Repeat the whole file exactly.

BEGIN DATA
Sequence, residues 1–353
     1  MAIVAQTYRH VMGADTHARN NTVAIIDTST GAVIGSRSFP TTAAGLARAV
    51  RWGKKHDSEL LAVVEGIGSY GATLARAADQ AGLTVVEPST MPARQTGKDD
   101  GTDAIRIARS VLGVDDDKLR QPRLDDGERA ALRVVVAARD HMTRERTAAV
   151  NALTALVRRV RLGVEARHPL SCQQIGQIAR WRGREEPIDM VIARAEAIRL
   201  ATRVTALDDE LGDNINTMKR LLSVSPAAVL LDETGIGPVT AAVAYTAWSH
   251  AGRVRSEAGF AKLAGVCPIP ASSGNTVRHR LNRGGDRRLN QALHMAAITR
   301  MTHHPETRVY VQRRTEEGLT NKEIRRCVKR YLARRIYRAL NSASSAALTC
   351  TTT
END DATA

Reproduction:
Sequence, residues 1–353
     1  MAIVAQTYRH VMGADTHARN NTVAIIDTST GAVIGSRSFP TTAAGLARAV
    51  RWGKKHDSEL LAVVEGIGSY GATLARAADQ AGLTVVEPST MPARQTGKDD
   101  GTDAIRIARS VLGVDDDKLR QPRLDDGERA ALRVVVAARD HMTRERTAAV
   151  NALTALVRRV RLGVEARHPL SCQQIGQIAR WRGREEPIDM VIARAEAIRL
   201  ATRVTALDDE LGDNINTMKR LLSVSPAAVL LDETGIGPVT AAVAYTAWSH
   251  AGRVRSEAGF AKLAGVCPIP ASSGNTVRHR LNRGGDRRLN QALHMAAITR
   301  MTHHPETRVY VQRRTEEGLT NKEIRRCVKR YLARRIYRAL NSASSAALTC
   351  TTT